For some, it will be a journey down memory lane, for others, a voyage of discovery. But for pretty much everyone, watching Scottish Ballet’s opulent new production of The Nutcracker will be an enjoyable experience.
The Nutcracker - Edinburgh Festival Theatre
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It’s just over 40 years since the late Peter Darrell first unveiled his version of the perennially popular ballet. The bedrock of the company’s repertoire for two decades, it was brought out on numerous occasions, building up a legion of fans, many of whom will be checking out this new, “re-imagined” production to see if Darrell’s legacy has been paid due respect.
It’s hard to imagine anyone thinking it hasn’t.
Philip Prowse’s original designs have been faithfully restored, using better and brighter materials, by talented set and costume designer Lez Brotherston.
Gorgeous Victorian bustle dresses hang from the women, hundreds of colourful, shiny baubles hang from the ceiling.
Everything and everyone looks as if it has dropped off the front of a Christmas card.
Darrell’s steps have been left pretty much intact, as has the romantic pas de deux originally created by Lev Ivanov in 1892.
In short, this is a ballet unafraid to embrace tradition, acknowledging that if it ain’t broke, don’t fix it.
Mindful that not everyone who comes to the theatre at Christmas is looking for wall-to-wall choreography, Darrell imbued his Nutcracker with real theatricality. Barely a move is danced for the first ten minutes, and even then, it’s a social partner dance, not pretty pointe work (although plenty of that follows).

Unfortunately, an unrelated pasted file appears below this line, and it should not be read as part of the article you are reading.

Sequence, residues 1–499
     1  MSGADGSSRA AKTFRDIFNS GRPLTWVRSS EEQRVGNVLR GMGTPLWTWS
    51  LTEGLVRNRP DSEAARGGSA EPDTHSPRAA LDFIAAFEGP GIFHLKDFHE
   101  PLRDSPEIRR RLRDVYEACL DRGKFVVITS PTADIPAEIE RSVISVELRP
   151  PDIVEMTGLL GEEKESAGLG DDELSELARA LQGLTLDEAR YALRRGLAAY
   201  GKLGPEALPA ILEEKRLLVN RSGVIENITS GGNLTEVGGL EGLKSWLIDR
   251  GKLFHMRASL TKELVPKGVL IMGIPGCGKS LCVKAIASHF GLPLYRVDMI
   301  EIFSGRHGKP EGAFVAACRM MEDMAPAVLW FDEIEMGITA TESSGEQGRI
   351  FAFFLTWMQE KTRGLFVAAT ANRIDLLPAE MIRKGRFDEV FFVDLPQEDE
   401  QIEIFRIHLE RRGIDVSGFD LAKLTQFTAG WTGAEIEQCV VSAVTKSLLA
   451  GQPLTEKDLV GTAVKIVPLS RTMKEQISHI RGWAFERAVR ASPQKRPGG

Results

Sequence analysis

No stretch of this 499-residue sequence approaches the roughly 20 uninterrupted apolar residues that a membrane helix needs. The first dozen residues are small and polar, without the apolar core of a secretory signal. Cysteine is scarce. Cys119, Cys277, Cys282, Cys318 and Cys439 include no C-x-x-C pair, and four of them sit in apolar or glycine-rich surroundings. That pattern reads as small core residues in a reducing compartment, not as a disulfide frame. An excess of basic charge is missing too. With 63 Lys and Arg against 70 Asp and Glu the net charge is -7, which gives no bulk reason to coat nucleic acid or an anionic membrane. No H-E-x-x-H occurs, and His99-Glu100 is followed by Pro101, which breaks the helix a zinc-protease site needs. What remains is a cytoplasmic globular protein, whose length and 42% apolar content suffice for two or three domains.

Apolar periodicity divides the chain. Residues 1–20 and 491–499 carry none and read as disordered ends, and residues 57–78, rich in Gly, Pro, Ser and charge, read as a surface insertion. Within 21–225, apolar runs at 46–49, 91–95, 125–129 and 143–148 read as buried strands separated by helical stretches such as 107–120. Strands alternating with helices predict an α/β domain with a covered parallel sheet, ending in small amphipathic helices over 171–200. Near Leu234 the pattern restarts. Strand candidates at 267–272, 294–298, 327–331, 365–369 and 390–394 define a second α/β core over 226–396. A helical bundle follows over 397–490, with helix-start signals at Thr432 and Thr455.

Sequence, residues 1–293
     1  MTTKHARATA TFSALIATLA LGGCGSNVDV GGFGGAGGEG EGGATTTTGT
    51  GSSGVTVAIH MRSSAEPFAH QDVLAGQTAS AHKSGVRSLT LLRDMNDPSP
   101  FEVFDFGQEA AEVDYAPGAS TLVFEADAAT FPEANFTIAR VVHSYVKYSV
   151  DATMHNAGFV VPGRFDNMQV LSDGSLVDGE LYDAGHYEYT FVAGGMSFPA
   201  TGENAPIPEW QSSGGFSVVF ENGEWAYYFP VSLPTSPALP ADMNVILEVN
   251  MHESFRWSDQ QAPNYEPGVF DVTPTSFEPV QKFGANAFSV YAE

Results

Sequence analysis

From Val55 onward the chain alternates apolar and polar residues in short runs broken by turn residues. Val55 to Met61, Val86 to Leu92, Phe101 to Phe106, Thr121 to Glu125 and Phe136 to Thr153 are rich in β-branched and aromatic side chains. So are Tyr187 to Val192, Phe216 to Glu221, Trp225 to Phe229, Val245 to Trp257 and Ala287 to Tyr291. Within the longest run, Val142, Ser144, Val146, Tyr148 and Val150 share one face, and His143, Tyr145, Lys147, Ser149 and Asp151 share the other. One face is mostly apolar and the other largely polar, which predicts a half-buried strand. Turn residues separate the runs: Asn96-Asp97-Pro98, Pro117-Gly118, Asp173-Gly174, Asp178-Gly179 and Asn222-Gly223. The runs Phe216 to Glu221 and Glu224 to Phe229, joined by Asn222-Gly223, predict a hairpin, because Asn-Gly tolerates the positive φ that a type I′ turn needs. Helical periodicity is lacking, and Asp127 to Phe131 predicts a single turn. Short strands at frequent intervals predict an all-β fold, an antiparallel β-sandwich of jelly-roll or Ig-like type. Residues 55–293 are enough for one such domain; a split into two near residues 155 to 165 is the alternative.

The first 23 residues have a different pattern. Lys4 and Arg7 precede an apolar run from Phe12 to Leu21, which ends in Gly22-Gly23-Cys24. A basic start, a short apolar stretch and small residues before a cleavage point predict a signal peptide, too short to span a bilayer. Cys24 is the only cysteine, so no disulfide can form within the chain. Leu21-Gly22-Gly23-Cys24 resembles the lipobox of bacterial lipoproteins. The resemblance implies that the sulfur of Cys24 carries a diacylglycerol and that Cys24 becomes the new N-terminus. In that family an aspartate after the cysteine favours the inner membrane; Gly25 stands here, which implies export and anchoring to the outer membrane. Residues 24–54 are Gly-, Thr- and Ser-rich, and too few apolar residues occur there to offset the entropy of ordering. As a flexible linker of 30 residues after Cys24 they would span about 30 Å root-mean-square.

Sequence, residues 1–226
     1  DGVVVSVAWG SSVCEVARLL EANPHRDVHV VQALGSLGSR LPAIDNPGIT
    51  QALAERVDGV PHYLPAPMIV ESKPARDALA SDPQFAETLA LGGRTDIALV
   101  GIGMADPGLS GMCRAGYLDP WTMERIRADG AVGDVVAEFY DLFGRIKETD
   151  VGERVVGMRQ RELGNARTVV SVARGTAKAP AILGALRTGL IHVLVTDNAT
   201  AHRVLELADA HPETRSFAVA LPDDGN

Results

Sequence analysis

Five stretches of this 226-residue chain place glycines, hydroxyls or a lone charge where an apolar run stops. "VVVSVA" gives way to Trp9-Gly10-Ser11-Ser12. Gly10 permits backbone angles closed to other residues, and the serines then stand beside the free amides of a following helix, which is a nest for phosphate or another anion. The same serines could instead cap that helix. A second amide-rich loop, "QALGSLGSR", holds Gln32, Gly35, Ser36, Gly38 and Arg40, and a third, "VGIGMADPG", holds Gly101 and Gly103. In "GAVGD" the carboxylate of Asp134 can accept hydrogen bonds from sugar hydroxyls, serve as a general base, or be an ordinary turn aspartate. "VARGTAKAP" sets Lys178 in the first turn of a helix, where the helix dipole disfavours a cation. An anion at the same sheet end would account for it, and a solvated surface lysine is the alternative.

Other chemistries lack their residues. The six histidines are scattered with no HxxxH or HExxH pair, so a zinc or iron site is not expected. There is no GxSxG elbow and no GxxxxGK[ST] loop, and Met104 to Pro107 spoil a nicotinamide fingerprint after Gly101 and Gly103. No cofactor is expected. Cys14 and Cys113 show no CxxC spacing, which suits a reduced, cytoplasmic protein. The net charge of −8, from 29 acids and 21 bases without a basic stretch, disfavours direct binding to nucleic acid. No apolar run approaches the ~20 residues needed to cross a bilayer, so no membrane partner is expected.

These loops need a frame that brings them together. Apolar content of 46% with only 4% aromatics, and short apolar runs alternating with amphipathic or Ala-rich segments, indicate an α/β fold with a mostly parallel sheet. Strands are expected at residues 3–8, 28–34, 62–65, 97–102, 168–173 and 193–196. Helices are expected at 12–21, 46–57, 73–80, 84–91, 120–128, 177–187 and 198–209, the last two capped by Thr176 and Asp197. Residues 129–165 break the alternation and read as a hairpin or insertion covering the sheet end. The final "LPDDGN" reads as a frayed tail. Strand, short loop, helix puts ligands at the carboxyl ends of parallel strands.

With so many young people in the audience, Darrell astutely made the ballet a real family affair. Children love watching other children, and much of the first half is devoted to a Christmas party filled with magic tricks, presents and food. Girls tolerate the shenanigans of little brothers, and the boys try unsuccessfully to stay out of trouble.
A mix of drama and charm follows, as King Rat and the Soldiers battle it out, while cute mice show off their over-sized cheese and fruit.
Once we enter the Land of Ice and Snow, however, the real dancing kicks in. Falling snow mixes with Tchaikovsky’s exquisite score and those who have come looking for classical ballet in all its glory are richly rewarded.
Sophie Martin, a dancer incapable of dancing an imperfect step, shines as the Sugar Plum Fairy, and we’re all released back into the world, hearts sufficiently warmed.
Darrell would be proud.
Seen on 13.12.14, until 3 January